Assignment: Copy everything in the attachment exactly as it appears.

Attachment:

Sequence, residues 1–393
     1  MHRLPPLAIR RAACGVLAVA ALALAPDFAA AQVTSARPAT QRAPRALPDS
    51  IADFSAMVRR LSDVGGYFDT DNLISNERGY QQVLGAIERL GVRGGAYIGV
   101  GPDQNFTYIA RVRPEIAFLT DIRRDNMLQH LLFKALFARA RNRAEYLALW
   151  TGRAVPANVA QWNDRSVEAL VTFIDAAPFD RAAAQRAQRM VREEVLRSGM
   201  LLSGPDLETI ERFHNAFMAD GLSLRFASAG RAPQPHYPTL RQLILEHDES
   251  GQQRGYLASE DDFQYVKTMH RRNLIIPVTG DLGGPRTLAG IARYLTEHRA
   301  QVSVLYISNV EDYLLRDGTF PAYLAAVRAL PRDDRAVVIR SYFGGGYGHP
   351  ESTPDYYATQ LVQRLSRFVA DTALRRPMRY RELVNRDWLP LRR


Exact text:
Sequence, residues 1–393
     1  MHRLPPLAIR RAACGVLAVA ALALAPDFAA AQVTSARPAT QRAPRALPDS
    51  IADFSAMVRR LSDVGGYFDT DNLISNERGY QQVLGAIERL GVRGGAYIGV
   101  GPDQNFTYIA RVRPEIAFLT DIRRDNMLQH LLFKALFARA RNRAEYLALW
   151  TGRAVPANVA QWNDRSVEAL VTFIDAAPFD RAAAQRAQRM VREEVLRSGM
   201  LLSGPDLETI ERFHNAFMAD GLSLRFASAG RAPQPHYPTL RQLILEHDES
   251  GQQRGYLASE DDFQYVKTMH RRNLIIPVTG DLGGPRTLAG IARYLTEHRA
   301  QVSVLYISNV EDYLLRDGTF PAYLAAVRAL PRDDRAVVIR SYFGGGYGHP
   351  ESTPDYYATQ LVQRLSRFVA DTALRRPMRY RELVNRDWLP LRR